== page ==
U.S. East Coast Lidar Measurements Show Offshore Wind Turbines Will Encounter Very Low Atmospheric Turbulence

Julie Lundquist, Nicola Bodini, Anthony Kirincich

Research output: Contribution to journalArticlepeer-review

37 Scopus Citations

Abstract

The rapid growth of offshore wind energy requires accurate modeling of the wind resource, which can be depleted by wind farm wakes. Turbulence dissipation rate (ϵ) governs the accuracy of model predictions of hub-height wind speed and the development and erosion of wakes. Here we assess the variability of turbulence kinetic energy and ϵ using 13 months of observations from a profiling lidar deployed on a platform off the Massachusetts coast. Offshore, ϵ is 2 orders of magnitude smaller than onshore, with a subtle diurnal cycle. Wind direction influences the annual cycle of turbulence, with larger values in winter when the wind flows from the land, and smaller values in summer, when the wind flows from open ocean. Because of the weak turbulence, wind plant wakes will be stronger and persist farther downwind in summer.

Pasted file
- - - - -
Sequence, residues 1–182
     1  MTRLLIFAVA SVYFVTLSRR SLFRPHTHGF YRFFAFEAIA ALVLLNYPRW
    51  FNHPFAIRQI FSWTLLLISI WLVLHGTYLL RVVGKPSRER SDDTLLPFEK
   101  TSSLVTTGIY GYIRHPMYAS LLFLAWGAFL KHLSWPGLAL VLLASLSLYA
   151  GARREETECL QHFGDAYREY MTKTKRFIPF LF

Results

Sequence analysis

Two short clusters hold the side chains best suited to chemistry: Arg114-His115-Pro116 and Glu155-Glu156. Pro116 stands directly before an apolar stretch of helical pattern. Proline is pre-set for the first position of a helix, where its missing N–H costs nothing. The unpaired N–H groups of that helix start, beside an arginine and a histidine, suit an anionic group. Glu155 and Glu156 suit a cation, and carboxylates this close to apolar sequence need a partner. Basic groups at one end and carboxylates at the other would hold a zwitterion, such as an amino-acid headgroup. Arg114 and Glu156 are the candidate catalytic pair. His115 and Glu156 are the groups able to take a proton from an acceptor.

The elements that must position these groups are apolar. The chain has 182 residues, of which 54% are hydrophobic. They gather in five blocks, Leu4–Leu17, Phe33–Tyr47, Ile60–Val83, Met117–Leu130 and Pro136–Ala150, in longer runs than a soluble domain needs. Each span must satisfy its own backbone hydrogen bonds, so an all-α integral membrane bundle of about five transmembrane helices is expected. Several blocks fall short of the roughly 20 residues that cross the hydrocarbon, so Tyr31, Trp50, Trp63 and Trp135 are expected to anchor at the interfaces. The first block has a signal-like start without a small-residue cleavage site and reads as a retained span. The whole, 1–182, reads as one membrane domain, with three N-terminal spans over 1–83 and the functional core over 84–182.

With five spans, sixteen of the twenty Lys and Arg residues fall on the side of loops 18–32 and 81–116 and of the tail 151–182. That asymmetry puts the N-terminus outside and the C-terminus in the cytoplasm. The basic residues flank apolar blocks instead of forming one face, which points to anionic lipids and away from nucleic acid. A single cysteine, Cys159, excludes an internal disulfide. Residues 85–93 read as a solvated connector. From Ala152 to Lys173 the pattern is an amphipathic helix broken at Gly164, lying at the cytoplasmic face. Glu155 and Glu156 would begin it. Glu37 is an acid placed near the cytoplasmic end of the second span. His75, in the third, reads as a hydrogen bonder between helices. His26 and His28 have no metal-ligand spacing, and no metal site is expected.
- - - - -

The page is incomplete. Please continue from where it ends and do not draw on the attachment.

Original languageAmerican English
Pages (from-to)5582-5591
Number of pages10
JournalGeophysical Research Letters
Volume46
Issue number10
DOIs
StatePublished - 28 May 2019

Bibliographical note

Publisher Copyright:
©2019. The Authors.

NREL Publication Number

  • NREL/JA-5000-73599

Keywords

  • lidar
  • offshore wind energy
  • turbulence
  • wakes

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